Now that Brad Pitt and Pamela Anderson have given vegetarianism a pop status and placed it high on the to-do list of many star-trackers, the number of people gnawing on lettuce instead of a chicken leg keeps growing by the day. There’s no doubt that vegetarianism is a healthy dietary option that helps you cut back on heart-damaging saturated fat and cholesterol, as well as calories, provided, of course, that you control your dairy intake.
Most people have the misconception that all vegetarian food is healthy. Just as meat-eaters need to minimise red meat intake, vegetarians need to limit the amount of butter, milk and cheese to keep their weight and risk of heart disease in check. Vegetarians also need to ensure they get enough calcium, but from low-fat (skimmed milk and yoghurt, not butter, ghee and cheeses alone) dairy sources.
There’s yet another rider. Vegetarians need to eat a wide variety of grains, legumes, greens and fruits to ensure they get adequate amounts of essential aminoacids and vitamins. Meats are a rich source of protein, calcium, iron, zinc, and vitamin A, D and B12, so the vegetarians need to ensure that they get these from plant sources to prevent their deficiency in the body.
Iron-deficiency anaemia is three times more common in vegetarian teenagers compared with non-vegetarians, reported a British Medical Journal study after surveying children, adolescents and women. Since low iron levels in the blood increases the body’s iron-binding capacity, thus favouring higher absorption, a diet rich in iron quickly makes up for a shortfall.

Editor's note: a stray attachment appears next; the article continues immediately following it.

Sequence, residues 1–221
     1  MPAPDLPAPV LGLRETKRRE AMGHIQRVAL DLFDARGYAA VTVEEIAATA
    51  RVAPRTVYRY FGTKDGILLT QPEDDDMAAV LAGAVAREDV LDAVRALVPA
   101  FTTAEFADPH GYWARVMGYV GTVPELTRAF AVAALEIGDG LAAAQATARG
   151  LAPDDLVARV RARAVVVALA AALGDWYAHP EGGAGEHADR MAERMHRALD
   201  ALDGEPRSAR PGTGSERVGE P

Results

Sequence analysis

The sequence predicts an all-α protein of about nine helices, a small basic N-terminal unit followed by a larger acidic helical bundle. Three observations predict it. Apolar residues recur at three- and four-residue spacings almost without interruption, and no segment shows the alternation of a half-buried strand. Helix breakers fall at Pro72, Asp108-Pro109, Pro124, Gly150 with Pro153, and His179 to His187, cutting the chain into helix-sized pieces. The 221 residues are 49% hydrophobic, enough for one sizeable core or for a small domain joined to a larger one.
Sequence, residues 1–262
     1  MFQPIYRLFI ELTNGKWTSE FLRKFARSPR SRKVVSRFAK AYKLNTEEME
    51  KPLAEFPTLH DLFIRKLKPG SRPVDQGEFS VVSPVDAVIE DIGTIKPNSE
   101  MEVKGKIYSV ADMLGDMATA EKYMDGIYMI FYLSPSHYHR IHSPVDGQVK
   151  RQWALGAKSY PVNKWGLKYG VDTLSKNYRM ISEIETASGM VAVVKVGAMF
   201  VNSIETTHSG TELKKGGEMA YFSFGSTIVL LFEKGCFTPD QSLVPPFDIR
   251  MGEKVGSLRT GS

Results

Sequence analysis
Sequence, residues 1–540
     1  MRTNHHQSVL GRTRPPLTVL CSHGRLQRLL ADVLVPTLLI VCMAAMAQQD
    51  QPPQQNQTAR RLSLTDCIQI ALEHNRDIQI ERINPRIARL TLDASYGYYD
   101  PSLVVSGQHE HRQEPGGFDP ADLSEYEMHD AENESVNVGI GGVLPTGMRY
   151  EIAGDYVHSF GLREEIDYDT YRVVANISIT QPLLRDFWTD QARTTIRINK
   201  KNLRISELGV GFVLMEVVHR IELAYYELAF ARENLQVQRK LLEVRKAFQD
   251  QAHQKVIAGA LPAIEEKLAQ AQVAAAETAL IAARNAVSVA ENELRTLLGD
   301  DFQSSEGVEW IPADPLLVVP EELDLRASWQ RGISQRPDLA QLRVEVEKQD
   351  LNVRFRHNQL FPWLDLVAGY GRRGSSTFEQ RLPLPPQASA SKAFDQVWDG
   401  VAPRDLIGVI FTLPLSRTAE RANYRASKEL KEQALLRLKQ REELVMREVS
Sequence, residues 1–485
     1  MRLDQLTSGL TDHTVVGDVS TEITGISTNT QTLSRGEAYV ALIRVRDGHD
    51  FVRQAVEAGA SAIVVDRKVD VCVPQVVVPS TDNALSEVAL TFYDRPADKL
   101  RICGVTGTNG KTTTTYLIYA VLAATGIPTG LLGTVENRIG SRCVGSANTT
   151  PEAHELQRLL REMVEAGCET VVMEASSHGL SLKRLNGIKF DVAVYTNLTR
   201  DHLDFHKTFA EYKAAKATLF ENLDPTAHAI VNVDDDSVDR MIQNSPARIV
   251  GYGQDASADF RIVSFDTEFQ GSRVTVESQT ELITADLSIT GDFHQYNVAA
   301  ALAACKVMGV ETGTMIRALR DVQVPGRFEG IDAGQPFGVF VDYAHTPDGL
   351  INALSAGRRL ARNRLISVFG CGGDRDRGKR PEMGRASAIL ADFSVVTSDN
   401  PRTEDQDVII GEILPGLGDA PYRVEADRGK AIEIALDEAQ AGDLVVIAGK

The rising popularity of processed food has made vitamin B-complex deficiency fairly common, especially among vegetarians deprived of Vitamin B12 found in meats. Since processing and polishing of grains such as wheat and rice leads to the loss of B-complex, people need to include wheatgerm and wholegrains in their diet. The B-complex vitamins are essential for all body processes, from biochemical reactions such as making enzymes, to good immunity, digestion, hair, skin and vision.
Making up for nutrients lost is not difficult, but you may need to revise your shopping list. Here’s what to look for:
Iron: Iron found in eggs, wholegrains, green vegetables, legumes, tomatoes, tofu, lentils, chickpeas and nuts is not as easily absorbed as that found in meats, so have it with vitamin C (lemon juice, orange juice) to boost its absorption. Tannins in tea and coffee also reduce iron absorption, so avoid them with or after meals.
Vitamin B Complex, particularly B12: Found only in animal products such as milk, nuts and fermented food (marmite), Vitamin B12 supplements should be taken by all vegetarians.
Vitamin D: Apart from sunlight (ultraviolet rays trigger vitamin D synthesis in the skin), the only other sources are foods like eggs, milk and fish. Vitamin D deficiency is common even in sunny India, and if prolonged, it can cause rickets in children and osteomalacia in adults. Take vitamin D supplements if you don’t get enough sun.
Zinc: Since meat and seafood are rich sources of zinc, vegetarians should take care to eat adequate amounts of milk, nuts, eggs, spinach, onions, potatoes, carrots and cereals.